Controlling Your Timber Sale Tax

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Published on: Nov. 2, 2002

Last revision: Nov. 12, 2010

For forest landowners who have or are contemplating the sale of their timber it is never too early to begin planning for the inevitable deadline with Uncle Sam. For many forest landowners, the end of the tax year can be particularly disconcerting because of the tax considerations for how to treat the sale of timber.

Proceeds (gain) from the sale of your standing timber are fully taxable. However, the proceeds from your timber sale can be reduced by deducting (subtracting) certain costs associated with the sale as well as the original cost of acquiring the property.

Costs of sale can include retaining the services of a consulting forester to inventorying your timber, estimating a value, marking the trees, marketing the timber, and administering the sale. Other costs of sale that you might incur include paying a lawyer to draft a timber sale contract and transportation costs associated with checking on the timber sale operation yourself.

The original cost of the property is based on the manner in which you acquired the property. The Internal Revenue Code (IRC) recognizes four methods for acquiring real property. You might inherit it, purchase it, receive it as a gift or exchange it for something else.

The taxable basis for property that has been inherited is, in most cases, the fair market value of the property on the date of death.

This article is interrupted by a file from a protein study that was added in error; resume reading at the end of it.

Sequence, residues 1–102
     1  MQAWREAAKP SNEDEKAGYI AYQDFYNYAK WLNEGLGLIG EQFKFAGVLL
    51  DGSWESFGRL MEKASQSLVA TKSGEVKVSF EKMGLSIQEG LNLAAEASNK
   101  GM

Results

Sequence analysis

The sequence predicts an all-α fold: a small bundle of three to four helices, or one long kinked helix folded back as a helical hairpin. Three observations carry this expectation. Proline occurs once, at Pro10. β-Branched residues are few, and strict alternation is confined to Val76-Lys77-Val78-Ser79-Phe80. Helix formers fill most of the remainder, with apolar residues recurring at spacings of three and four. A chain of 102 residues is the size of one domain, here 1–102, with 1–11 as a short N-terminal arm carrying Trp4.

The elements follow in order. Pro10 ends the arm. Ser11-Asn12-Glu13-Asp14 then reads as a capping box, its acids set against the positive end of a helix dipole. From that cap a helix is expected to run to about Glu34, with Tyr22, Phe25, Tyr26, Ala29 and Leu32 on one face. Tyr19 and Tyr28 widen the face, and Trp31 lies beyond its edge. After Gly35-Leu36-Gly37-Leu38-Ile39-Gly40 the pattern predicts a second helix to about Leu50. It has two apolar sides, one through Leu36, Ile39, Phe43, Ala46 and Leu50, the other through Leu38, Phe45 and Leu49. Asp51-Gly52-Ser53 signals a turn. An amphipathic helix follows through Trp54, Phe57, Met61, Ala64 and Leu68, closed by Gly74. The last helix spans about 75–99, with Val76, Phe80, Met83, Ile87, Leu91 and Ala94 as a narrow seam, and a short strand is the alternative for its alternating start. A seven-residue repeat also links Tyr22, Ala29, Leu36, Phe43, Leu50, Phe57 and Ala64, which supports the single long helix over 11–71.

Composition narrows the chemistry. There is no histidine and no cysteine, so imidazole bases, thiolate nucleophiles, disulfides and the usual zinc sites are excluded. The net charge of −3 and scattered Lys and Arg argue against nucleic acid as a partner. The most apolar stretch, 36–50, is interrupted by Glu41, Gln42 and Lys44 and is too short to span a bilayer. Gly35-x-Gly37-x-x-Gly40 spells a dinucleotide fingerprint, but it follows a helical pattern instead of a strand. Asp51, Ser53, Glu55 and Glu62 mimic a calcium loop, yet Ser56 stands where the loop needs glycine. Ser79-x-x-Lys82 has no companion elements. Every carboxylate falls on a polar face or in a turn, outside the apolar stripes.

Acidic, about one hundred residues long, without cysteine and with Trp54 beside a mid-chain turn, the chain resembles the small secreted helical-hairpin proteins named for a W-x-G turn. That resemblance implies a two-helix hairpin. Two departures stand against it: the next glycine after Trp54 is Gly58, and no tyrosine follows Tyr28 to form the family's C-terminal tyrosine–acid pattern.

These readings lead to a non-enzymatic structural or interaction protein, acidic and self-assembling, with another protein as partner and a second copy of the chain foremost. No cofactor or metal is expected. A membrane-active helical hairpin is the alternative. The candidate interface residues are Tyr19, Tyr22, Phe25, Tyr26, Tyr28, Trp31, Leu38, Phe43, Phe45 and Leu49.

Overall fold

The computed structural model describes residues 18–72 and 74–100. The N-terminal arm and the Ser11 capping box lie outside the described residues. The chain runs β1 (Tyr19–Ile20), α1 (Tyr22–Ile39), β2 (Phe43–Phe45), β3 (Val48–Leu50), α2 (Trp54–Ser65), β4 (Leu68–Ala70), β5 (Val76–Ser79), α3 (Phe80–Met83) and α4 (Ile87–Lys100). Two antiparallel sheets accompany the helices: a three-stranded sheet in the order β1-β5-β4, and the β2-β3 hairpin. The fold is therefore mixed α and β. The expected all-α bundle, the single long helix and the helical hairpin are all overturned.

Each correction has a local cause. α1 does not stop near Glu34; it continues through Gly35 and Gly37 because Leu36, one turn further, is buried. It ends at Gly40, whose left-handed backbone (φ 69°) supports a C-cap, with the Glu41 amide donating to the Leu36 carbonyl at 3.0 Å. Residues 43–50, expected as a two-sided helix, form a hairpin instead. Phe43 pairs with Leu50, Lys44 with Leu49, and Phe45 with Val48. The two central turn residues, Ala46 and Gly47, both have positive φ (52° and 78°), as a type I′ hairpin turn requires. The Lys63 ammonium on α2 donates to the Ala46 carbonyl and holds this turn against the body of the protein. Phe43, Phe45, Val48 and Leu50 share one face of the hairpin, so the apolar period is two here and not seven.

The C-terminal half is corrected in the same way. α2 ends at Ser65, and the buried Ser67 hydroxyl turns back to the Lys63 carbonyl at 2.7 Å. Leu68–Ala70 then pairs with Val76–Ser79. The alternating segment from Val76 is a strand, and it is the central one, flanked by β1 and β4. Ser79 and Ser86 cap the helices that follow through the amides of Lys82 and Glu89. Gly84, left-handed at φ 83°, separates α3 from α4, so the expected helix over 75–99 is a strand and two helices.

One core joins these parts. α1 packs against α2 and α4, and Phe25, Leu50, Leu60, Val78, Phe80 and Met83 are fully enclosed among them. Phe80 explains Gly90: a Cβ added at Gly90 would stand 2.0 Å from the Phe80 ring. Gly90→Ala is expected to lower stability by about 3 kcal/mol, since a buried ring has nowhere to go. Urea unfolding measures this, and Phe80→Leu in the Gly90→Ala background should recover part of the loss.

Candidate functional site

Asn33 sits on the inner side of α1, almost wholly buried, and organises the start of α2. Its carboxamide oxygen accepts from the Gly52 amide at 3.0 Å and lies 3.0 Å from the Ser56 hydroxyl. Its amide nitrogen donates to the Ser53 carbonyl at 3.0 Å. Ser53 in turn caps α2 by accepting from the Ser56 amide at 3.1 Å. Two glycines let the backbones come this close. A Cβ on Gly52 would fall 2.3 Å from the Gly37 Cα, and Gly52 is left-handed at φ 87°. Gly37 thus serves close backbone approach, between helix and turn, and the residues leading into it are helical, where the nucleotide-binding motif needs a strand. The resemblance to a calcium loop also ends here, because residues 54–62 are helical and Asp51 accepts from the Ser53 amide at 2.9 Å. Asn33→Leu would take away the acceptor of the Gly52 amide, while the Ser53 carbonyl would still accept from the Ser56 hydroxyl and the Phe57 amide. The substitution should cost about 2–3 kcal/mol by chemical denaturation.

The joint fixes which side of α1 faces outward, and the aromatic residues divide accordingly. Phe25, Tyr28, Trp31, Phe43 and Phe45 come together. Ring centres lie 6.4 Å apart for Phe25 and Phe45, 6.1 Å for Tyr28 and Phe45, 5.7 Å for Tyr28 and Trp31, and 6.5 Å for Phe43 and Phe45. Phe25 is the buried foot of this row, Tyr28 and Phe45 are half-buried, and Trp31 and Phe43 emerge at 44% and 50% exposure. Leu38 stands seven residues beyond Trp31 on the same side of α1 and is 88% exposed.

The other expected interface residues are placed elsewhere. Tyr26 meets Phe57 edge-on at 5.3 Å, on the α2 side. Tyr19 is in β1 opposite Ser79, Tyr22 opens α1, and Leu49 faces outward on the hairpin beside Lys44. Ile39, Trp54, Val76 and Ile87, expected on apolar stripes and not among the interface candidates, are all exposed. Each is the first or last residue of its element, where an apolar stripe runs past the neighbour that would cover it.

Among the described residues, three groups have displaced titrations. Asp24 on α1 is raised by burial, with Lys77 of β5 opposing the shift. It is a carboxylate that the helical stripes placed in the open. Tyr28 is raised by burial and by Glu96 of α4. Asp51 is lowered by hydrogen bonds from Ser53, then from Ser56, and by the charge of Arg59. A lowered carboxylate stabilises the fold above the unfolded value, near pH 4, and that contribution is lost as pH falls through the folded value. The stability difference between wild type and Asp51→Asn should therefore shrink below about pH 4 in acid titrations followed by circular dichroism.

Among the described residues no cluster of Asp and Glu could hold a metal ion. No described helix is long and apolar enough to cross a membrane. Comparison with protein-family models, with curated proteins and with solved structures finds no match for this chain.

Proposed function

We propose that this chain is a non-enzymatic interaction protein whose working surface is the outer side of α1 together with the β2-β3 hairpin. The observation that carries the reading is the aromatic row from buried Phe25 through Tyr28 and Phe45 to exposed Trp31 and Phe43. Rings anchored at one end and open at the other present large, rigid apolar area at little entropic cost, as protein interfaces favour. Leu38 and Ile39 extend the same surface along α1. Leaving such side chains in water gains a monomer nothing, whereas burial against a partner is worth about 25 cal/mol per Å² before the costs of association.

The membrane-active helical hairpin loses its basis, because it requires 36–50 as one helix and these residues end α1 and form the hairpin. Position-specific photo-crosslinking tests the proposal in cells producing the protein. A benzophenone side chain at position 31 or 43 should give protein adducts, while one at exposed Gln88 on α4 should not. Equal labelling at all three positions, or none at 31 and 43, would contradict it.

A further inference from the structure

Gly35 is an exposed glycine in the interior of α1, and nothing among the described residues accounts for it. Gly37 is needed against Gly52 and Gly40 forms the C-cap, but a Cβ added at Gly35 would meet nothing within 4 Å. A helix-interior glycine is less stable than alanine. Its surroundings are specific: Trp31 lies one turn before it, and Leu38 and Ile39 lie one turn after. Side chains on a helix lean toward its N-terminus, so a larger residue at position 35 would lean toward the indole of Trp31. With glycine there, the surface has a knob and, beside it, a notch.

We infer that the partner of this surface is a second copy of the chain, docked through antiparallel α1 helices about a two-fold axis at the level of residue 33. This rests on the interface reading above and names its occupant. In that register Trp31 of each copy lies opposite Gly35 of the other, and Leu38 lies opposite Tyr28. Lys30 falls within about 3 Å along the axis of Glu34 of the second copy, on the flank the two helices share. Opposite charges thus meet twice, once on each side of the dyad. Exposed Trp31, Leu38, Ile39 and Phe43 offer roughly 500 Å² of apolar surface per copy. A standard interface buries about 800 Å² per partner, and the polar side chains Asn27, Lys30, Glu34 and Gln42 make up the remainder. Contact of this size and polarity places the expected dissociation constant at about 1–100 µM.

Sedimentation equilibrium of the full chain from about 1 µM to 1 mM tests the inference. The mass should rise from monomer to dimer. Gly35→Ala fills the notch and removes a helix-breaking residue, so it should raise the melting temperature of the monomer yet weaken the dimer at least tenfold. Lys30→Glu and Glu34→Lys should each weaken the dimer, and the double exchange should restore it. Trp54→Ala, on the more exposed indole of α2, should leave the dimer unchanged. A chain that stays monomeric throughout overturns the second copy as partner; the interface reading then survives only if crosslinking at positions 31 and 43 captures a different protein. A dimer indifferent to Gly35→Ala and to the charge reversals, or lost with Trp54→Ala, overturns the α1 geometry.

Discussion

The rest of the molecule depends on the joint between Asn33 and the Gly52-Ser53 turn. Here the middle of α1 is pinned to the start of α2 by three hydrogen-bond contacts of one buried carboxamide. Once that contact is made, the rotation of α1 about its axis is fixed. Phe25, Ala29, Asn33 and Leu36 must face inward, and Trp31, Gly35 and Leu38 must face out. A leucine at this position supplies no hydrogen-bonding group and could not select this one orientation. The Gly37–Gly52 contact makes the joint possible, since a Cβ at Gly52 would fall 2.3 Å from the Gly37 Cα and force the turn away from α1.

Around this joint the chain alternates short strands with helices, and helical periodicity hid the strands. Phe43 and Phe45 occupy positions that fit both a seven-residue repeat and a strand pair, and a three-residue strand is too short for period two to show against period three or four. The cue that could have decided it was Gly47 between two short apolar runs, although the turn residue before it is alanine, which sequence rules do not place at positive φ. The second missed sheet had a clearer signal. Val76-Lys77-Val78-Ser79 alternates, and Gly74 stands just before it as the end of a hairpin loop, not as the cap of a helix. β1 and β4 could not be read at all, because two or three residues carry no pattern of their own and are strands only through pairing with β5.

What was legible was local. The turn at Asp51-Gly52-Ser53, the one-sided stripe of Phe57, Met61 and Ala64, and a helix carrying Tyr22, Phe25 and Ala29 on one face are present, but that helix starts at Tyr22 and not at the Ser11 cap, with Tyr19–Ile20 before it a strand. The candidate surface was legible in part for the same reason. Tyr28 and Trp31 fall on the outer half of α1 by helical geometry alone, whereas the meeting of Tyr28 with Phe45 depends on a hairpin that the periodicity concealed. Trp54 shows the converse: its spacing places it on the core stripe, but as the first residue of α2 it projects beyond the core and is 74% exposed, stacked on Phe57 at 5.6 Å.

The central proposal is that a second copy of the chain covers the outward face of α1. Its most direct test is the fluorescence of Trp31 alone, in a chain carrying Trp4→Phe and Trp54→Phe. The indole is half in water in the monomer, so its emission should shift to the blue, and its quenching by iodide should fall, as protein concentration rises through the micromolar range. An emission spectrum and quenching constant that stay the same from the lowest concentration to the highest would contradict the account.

For property you have purchased, the basis in the property is the cost basis. This includes the amount you pay in cash, debt obligations, other property or services; recording fees, legal fees, abstract fees; transfer taxes; owner's title insurance; and any amounts the seller owes that you agree to pay, such as back taxes or interest, recording or mortgage fees, charges for improvements or repairs and sales commissions.

Property you acquire through a gift will most likely have a basis equal to the adjusted basis of the person who gave you the property, as long as that adjusted basis is not greater than the property's fair market value on the date of the transfer. The adjusted basis is the original cost plus any improvements and minus any deductions from that original cost. There are some exceptions to this rule, and the IRS allows you to add any gift tax that you might pay to that adjusted basis.

Basis in exchanged property gets even more complicated. The Internal Revenue Service (IRS) recognizes two kinds of exchanges:

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